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Old 04-06-2006, 04:46 PM   #11
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This is an absolute favorite one I developed for my husband. It is nearly identical to my mother's veal goulash, except for the substitution of chicken for the veal. Enjoy.

CHICKEN HUNGARIAN GOULASH

1 pound (about 2 or 3) boneless skinless chicken breasts or boneless skinless chicken thighs, cut into bite-size pieces
Extra-virgin oil
1 onion, peeled & chopped
3 cloves of garlic, peeled & crushed
1 stalk of celery, chopped
1 cup dry white wine
1 cup chicken broth
1 can (14-15 oz) diced tomatoes
1 bay leaf
Freshly ground black pepper (or hot Hungarian paprika) & salt to taste
1 8-oz. can sauerkraut
1 8-oz. container sour cream
Cooked buttered egg noodles for serving

Coat bottom of large coverable skillet with olive oil. Brown chicken pieces lightly for a few minutes. Add onions, garlic, & celery & cook for about 5 minutes more, being careful not to let garlic brown/burn. Add wine, broth, tomatoes, & bay leaf. Cover & simmer for 15-20 minutes or until chicken pieces are cooked thru. Remove cover & continue simmering until heated thru & liquid has reduced to a stew-like consistency. Remove bay leaf & stir in sauerkraut, heating thru. Add freshly ground black pepper (or hot paprika) & salt to taste. Remove from heat & stir in sour cream. Taste again for seasoning. Serve over cooked buttered egg noodles.
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Old 04-06-2006, 05:05 PM   #12
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Michael, we called it slum gullion at our house to, and my mother made it exactly the same way yours did, with the exception of the garlic. The only garlic I ever saw around our house was garlic salt.
I Haven't had any slum gullion in years...sounds good. I'll have to make some soon.
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Old 04-06-2006, 05:14 PM   #13
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My Dad used to make the Americanized version of goulash or slum gullion at hunting camp. His version was very similar to both Michael's and Andy's, except that he made it a bit more saucy by adding tomato paste, along with basil and bay-leaf. It was great.

Sadly, either my taste buds have changed, or I just can't get the mixture right. Though I can make far more dishes, and know my way around a spice-rack better than he ever did, I can't match his goulash. It was something special, and was always requested at hunting camp.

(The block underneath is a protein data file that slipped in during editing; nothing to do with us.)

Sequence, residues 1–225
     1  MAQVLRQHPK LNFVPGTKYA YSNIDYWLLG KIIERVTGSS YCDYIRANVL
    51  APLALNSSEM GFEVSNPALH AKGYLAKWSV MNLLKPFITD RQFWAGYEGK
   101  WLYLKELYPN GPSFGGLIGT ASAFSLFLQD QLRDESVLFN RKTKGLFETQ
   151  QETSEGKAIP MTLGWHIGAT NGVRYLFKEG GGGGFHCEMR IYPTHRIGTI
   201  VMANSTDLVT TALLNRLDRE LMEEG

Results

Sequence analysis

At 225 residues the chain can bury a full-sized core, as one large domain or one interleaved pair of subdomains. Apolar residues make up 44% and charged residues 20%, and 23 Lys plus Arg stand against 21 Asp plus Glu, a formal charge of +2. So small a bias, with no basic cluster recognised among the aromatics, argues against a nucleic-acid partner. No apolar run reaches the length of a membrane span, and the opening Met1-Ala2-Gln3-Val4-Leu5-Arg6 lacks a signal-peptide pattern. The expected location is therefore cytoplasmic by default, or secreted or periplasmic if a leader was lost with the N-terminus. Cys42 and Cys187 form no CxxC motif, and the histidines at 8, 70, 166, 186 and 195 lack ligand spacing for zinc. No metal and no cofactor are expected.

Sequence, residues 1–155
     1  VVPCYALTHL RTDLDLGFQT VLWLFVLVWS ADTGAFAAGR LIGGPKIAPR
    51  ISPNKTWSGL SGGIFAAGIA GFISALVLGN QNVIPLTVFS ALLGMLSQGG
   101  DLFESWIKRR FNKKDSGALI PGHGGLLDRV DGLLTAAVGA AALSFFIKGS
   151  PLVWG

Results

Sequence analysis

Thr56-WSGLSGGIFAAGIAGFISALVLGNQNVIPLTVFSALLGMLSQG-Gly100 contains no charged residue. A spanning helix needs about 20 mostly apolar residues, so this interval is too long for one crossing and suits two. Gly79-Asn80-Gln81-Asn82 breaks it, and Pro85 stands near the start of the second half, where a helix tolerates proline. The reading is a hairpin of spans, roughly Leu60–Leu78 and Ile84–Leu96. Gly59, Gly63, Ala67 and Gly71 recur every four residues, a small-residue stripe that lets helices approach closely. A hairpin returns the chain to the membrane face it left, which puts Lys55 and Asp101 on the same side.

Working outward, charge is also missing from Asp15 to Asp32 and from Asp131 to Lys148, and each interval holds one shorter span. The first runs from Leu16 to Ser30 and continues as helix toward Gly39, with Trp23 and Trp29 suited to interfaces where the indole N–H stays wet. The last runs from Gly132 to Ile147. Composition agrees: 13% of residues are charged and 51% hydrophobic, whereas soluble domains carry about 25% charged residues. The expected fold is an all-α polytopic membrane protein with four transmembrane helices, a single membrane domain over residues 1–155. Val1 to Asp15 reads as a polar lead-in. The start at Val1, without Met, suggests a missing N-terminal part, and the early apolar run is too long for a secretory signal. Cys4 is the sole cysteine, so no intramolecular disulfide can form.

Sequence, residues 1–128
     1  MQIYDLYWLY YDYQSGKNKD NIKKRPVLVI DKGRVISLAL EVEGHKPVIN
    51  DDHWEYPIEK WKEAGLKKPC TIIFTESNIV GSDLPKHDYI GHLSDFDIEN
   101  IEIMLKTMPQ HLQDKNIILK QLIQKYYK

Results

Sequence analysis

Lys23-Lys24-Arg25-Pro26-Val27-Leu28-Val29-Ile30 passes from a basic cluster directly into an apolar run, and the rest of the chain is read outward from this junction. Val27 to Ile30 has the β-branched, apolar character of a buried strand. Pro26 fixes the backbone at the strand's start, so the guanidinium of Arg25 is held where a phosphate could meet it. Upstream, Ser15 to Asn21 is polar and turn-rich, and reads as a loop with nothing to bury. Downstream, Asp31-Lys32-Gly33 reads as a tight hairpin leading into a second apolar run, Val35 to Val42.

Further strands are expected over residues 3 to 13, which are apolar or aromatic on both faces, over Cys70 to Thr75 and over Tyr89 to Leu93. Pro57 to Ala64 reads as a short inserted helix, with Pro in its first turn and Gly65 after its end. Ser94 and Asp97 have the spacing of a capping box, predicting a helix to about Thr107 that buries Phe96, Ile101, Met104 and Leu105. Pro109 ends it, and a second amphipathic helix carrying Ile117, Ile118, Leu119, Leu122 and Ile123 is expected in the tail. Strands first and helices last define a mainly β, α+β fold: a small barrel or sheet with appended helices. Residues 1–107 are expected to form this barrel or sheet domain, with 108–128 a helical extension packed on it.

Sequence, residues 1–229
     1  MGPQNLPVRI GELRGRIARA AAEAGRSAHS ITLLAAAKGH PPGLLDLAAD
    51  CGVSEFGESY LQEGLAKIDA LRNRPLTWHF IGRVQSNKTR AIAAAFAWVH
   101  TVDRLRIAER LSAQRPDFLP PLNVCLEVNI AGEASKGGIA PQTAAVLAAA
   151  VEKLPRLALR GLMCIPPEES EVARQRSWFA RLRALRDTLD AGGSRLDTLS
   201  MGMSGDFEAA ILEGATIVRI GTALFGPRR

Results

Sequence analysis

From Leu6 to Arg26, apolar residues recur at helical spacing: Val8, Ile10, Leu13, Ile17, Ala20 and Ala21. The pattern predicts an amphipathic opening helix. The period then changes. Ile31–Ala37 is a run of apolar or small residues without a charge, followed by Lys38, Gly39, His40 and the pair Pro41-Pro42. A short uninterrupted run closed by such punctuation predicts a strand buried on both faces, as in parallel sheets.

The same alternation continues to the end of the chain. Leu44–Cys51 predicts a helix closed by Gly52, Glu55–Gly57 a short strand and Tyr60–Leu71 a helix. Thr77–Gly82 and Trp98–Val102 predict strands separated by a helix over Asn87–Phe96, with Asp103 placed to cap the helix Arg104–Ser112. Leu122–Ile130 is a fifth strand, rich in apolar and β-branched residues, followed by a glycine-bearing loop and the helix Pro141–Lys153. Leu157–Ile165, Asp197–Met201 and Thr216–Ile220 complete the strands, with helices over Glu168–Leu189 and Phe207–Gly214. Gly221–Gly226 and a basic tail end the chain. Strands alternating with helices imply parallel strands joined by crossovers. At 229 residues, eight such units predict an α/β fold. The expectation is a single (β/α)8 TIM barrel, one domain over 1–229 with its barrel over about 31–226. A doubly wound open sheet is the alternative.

My Mom's on the other hand, was simply the elbow macaroni with stewed tomatoes, onion, and black pepper. It filled the belly, but didn't really excite the pallate. But her baked beans, and her chile, now that was a different story altogether.

My suggestion is to follow either Michael's or Andy's recipe, and then add various seasonings to make it your very own. You just might surprise yourself and come up with something great.

Possible additions include saute'd mushrooms, oregano, basil, thyme, chili powder, yellow mustard, cloves, cayenne pepper, or your favorite bottled hot sauce, liquid smoke, sausage, fennel, garlic, chopped black olives, pepperoni slices, grated swiss, muenster, cheddar, provolone, or mozzarella cheese, or whatever you can imagine that would taste good with the tomatoes and pasta.

Be creative with it. And don't add everything from the above list at the same time. Just remember the tried and true addage; add a little spice or herb at a time, let it cook in for ten minutes before tasting, then correct the seasoning if required. You can always add more flavoring, but once it's in the pot, you can't remove it.

Seeeeeeya; Goodweed of the North

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Old 04-06-2006, 08:12 PM   #14
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Quote:
Originally Posted by Andy M.
I must be naive about goulash. I had no idea it was also a dish like slum gullion which is called American Chop Suey around here.

Oh, well. If you want a Hungarian/Austrian Goulash recipe, see above.

If you want a Slum Gullion/American Chop Suey, American Goulash recipe, see below:


American Chop Suey

1 Lb Ground Beef
1 Ea Onion
1 Ea Green Pepper
2 Cl Garlic
3 Tb Tomato Paste
28 Oz Canned Tomato